Thursday Jun 11, 2015

Raspberry Pi is Top Banana of Single Board Computers for Internet of Things

When it comes to IoT Development, nothing can smash the Raspberry Pi which tops the list when it comes Single Board Computers for hacking Internet of Things projects.

Or, so says this survey from LinuxGizmos.com.

See:

2015 Hacker SBC Survey

Here's a quote:

 [T]he ten most popular SBCs in
 the 2015 Hacker SBC Survey were 
 the Raspberry Pi 2 Model B, 
 Beaglebone Black, Raspberry Pi 
 Model B+, Odroid-C1, DragonBoard 
 410c, Odroid-XU3, Parallella, 
 Arduino TRE, Edison Kit for 
 Arduino, and Odroid-U3.
And, where, you may ask, was the $9 Chip Raspberry-Pi-Killer that was just announced weeks ago? Well, that doesn't ship until December, 2015, if (that's _if_) it ever does ship--sometimes Kickstarter projects like the $9 Chip Raspberry-Pi-Killer turn out to be duds and don't ever launch. 💫💤 Plop. We'll have to see if it will even come close to the big hit that the Raspberry Pi has been with IoT hackers.

Wednesday Jun 10, 2015

Internet of Things Bubble Hype Comes from Media, not Data

Here's a Web article at The Motley Fool talking about how the "Woz" (and I feel I can call Steve Wozniak, the "Woz", not because I know him personally, but because I saw that he was once on DWTS) feels like IoT is a bit bubblicious.

But, later the Motley Fool article goes on to redeem itself by pointing out that technically a "bubble hasn't formed yet" (around IoT), since mainstream investors haven't sunk their entire 401(k) accounts into wearable sensors that detect each of your bodily functions.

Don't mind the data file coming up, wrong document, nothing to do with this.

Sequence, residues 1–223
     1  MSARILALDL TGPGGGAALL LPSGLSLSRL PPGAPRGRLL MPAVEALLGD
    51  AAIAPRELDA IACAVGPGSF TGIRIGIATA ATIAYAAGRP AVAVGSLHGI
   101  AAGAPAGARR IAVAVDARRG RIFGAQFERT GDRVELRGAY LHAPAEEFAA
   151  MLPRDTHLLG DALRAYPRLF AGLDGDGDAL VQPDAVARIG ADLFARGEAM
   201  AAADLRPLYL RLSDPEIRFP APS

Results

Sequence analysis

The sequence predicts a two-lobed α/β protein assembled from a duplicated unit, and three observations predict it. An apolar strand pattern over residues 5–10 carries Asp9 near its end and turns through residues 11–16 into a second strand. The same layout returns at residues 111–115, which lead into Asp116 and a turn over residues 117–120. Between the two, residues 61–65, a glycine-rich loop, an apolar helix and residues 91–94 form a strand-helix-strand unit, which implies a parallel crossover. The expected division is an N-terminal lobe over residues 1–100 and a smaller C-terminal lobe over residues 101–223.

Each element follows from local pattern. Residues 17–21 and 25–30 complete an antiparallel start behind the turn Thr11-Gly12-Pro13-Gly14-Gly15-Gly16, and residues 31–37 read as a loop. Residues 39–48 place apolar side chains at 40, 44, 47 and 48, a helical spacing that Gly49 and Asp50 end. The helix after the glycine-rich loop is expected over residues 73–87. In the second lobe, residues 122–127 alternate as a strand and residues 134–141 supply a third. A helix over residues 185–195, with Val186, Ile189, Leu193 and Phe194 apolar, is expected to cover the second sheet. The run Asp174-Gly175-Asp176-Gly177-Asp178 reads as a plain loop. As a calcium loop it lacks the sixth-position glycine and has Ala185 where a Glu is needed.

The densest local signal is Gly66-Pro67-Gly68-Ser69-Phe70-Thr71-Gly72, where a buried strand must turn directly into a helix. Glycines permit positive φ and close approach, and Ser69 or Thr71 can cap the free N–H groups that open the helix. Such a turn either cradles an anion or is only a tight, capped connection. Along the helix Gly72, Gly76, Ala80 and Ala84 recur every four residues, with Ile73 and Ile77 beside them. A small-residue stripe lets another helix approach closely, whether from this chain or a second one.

See:

Steve Wozniak Believes IoT Bubble Could Burst

Here's a quote:

 A bubble hasn't formed yet...
 For a bubble to truly form, mainstream 
 investors must actively prop up the market 
 -- like the way they invested in tech 
 companies during the dot-com bubble. 
 Yet that hasn't really happened yet.

 Most of the "hype" comes from the media, 
 crowdfunding sites, and VCs. Publicly 
 traded pure-play IoT and wearable companies 
 aren't trading at huge premiums yet...
Well, that's good news, even if the media loves to be all hype-y right now about IoT. It will soon become apparent (after the hype is over) that the IoT data analytics tool vendors will make out to be the real winners in this new market. Hmmm... who could that be? 😉

Friday May 15, 2015

Internet of Things (IoT): How Positive Train Control Works

Here's a description at the L.A. Times Web site of how positive train control works using IoT techniques and Big Data.

See:

How Positive Train Control Works

Here's a quote:

 En route, the train’s position 
 and speed are tracked via GPS.